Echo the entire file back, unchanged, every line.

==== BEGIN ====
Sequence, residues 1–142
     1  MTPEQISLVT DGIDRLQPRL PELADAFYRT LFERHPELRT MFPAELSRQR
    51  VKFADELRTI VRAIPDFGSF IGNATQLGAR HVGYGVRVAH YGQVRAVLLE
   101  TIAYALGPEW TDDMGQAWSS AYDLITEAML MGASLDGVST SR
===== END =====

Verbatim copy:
Sequence, residues 1–142
     1  MTPEQISLVT DGIDRLQPRL PELADAFYRT LFERHPELRT MFPAELSRQR
    51  VKFADELRTI VRAIPDFGSF IGNATQLGAR HVGYGVRVAH YGQVRAVLLE
   101  TIAYALGPEW TDDMGQAWSS AYDLITEAML MGASLDGVST SR